De Simoni, S;
Pattern Classification of Working Memory Networks Reveals Differential Effects of Methylphenidate, Atomoxetine, and Placebo in Healthy Volunteers.
1237 - 1247.
Stimulant and non-stimulant drugs can reduce symptoms of attention deficit/hyperactivity disorder (ADHD). The stimulant drug methylphenidate (MPH) and the non-stimulant drug atomoxetine (ATX) are both widely used for ADHD treatment, but their differential effects on human brain function remain unclear. We combined event-related fMRI with multivariate pattern recognition to characterize the effects of MPH and ATX in healthy volunteers performing a rewarded working memory (WM) task. The effects of MPH and ATX on WM were strongly dependent on their behavioral context. During non-rewarded trials, only MPH could be discriminated from placebo (PLC), with MPH producing a similar activation pattern to reward. During rewarded trials both drugs produced the opposite effect to reward, that is, attenuating WM networks and enhancing task-related deactivations (TRDs) in regions consistent with the default mode network (DMN). The drugs could be directly discriminated during the delay component of rewarded trials: MPH produced greater activity in WM networks and ATX produced greater activity in the DMN. Our data provide evidence that: (1) MPH and ATX have prominent effects during rewarded WM in task-activated and -deactivated networks; (2) during the delay component of rewarded trials, MPH and ATX have opposing effects on activated and deactivated networks: MPH enhances TRDs more than ATX, whereas ATX attenuates WM networks more than MPH; and (3) MPH mimics reward during encoding. Thus, interactions between drug effects and motivational state are crucial in defining the effects of MPH and ATX. Neuropsychopharmacology (2011) 36, 1237-1247; doi: 10.1038/npp.2011.9; published online 23 February 2011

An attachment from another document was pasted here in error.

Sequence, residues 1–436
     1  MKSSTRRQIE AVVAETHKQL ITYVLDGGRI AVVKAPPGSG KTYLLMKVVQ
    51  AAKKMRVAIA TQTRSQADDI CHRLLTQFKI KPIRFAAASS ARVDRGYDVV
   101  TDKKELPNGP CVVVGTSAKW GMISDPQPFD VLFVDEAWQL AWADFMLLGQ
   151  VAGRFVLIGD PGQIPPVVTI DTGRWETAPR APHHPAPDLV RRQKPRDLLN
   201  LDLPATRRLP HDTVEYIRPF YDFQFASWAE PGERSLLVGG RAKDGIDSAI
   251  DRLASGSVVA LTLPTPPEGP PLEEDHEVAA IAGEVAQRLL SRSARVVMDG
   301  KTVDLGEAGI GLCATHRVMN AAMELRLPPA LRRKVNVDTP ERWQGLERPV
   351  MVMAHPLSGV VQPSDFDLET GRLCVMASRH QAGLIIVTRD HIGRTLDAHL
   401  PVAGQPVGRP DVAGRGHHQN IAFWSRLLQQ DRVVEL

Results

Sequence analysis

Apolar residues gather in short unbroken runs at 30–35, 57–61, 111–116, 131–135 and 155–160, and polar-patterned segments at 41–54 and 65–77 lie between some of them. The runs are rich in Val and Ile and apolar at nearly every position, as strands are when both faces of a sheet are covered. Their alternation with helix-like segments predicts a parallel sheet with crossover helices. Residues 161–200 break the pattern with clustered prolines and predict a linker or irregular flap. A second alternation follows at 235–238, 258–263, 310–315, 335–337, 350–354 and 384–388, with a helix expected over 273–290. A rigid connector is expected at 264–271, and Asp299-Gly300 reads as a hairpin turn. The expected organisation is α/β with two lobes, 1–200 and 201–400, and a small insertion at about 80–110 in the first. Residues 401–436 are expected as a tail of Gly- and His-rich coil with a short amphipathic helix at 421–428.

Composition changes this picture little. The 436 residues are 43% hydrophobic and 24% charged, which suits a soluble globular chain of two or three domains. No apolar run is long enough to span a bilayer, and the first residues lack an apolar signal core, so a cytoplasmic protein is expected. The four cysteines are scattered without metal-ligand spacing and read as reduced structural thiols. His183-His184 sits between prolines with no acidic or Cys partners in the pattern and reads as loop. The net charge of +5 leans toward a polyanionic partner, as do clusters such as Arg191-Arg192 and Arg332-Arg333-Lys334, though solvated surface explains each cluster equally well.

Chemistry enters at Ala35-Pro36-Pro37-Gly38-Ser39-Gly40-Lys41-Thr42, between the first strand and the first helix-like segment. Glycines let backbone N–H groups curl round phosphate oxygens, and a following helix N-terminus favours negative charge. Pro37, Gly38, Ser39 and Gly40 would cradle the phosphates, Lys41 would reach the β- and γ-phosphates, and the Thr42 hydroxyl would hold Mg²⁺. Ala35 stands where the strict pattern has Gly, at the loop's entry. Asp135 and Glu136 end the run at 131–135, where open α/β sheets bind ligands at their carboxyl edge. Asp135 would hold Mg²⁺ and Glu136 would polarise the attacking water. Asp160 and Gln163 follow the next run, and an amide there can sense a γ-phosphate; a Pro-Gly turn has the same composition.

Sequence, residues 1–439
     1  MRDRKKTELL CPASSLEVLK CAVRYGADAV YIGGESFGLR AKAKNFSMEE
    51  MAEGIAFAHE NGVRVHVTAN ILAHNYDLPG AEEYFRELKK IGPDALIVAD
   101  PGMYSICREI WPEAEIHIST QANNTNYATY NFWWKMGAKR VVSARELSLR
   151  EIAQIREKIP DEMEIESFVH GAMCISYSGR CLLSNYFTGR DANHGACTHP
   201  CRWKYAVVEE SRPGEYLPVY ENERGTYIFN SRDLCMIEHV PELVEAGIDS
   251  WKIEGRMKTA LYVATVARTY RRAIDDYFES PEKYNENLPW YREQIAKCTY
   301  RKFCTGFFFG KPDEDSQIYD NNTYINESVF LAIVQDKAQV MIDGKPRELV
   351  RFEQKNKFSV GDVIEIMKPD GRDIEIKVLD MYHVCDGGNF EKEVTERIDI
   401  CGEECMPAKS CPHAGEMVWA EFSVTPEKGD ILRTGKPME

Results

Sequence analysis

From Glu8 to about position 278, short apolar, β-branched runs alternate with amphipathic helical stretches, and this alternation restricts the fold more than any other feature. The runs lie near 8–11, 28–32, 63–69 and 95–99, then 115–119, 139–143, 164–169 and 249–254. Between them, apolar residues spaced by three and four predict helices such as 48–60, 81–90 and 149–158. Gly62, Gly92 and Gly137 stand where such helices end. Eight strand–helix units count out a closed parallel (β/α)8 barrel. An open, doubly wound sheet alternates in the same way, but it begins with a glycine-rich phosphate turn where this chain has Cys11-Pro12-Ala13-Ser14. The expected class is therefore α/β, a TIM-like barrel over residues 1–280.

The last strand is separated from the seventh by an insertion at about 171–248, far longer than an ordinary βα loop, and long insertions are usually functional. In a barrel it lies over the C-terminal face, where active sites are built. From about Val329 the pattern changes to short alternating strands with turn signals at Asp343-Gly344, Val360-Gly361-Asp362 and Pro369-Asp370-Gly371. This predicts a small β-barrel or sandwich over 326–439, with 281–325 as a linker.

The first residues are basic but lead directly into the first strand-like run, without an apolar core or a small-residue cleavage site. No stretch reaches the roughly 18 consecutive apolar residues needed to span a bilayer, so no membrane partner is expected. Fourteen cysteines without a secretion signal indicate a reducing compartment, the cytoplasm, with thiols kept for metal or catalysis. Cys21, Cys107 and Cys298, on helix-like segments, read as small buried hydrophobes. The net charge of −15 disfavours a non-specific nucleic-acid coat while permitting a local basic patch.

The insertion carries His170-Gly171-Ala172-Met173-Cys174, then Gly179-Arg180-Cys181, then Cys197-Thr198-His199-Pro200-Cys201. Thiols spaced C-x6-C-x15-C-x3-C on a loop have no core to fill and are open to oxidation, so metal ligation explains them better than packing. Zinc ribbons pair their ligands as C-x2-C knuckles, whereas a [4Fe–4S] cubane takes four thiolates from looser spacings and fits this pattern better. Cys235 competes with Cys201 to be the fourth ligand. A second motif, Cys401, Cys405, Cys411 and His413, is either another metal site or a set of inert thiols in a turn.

|Title:||Pattern Classification of Working Memory Networks Reveals Differential Effects of Methylphenidate, Atomoxetine, and Placebo in Healthy Volunteers|
|Keywords:||methylphenidate, atomoxetine, working memory, reward, pattern recognition, ATTENTION-DEFICIT/HYPERACTIVITY DISORDER, SUPPORT VECTOR MACHINES, DEFICIT HYPERACTIVITY DISORDER, DELAYED-RESPONSE TASKS, PREFRONTAL CORTEX, HUMAN BRAIN, SUBJECTIVE FEELINGS, EXECUTIVE FUNCTION, DOPAMINE NEURONS, PERIOD ACTIVITY|
|UCL classification:||UCL > School of BEAMS > Faculty of Engineering Science > Computer Science|
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